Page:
I also think this could become a business. It may not be the next Google but it might bring in a little extra cash for everyone involved. I’m still brainstorming but here are my basic ideas:

  • Basically, sell packs of butt coasters (or chests and genitals) to people, they can either choose from the photos available, submit their own or have random ones sent to them
    • If they choose from the photos available it will cost a little more
    • If they submit their own it can be a one-time thing (with the images destroyed after the coasters are delivered), they can be stored in our database privately for future ordering, or they can be made public so that others can order the prints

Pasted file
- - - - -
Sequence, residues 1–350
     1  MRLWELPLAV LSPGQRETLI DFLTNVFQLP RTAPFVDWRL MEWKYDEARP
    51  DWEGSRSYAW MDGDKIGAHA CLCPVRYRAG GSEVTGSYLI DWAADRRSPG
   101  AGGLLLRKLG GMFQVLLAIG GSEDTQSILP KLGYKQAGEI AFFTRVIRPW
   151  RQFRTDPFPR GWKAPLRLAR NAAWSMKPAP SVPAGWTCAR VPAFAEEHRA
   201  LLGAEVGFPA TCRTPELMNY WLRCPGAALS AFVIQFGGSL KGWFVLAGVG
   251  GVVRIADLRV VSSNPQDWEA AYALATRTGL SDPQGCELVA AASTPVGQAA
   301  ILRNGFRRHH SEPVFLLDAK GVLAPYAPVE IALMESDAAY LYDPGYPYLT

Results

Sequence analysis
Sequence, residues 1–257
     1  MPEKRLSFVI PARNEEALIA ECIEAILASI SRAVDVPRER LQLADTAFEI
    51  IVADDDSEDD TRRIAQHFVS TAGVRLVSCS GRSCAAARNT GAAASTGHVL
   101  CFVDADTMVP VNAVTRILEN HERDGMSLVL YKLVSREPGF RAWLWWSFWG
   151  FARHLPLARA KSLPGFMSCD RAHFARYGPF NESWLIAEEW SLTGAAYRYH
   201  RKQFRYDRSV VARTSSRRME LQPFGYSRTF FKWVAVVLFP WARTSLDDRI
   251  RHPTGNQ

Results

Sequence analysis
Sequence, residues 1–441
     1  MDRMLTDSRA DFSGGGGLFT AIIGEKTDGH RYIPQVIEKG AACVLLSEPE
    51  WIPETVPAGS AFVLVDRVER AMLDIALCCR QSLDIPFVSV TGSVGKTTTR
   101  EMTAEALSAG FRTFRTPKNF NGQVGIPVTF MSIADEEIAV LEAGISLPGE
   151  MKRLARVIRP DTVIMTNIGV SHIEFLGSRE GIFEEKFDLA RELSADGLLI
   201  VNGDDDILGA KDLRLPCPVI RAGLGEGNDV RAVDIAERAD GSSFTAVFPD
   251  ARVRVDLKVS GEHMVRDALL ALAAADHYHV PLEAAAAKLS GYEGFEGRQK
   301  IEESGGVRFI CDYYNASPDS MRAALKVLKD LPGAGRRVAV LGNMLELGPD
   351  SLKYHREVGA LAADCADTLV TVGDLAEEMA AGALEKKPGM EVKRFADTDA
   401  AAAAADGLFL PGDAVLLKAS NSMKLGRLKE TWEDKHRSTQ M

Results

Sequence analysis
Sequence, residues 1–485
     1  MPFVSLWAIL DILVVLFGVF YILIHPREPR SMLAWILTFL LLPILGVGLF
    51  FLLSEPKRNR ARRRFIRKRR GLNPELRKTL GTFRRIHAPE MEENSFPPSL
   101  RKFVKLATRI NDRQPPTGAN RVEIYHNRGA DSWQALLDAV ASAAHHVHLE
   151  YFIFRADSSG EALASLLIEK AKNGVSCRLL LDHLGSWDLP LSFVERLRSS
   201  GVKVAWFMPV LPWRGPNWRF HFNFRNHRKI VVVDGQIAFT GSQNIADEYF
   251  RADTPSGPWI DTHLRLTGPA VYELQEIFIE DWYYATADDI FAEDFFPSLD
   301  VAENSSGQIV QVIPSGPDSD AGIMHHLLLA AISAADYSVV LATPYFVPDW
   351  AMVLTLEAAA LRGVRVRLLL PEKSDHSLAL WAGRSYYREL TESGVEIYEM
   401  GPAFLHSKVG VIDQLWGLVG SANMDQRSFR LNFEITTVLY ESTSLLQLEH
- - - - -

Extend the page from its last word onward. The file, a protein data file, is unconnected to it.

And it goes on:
• If they choose random ones it will be cheaper and I would work to send a diverse group of prints from our most popular (or maybe they can filter by gender or other characteristics if that is important).
  • If you want to submit an image you can earn a little extra cash, maybe 10% of any sales from people picking your image (that amount is totally random)
  • There could be seasonal contests and deals like Christmas themed images, etc.
  • Maybe making coasters is thinking too small. If I had the capabilities I could put user submitted butt/chest/genital pics on just about anything (posters, mugs, artistic prints, etc), but maybe that is thinking too big.

So, potential problems that could arise

  1. Too many pictures are submitted, so we will need a filtering process. Maybe limit submissions to only a few from an email address or pictures expire every 30 days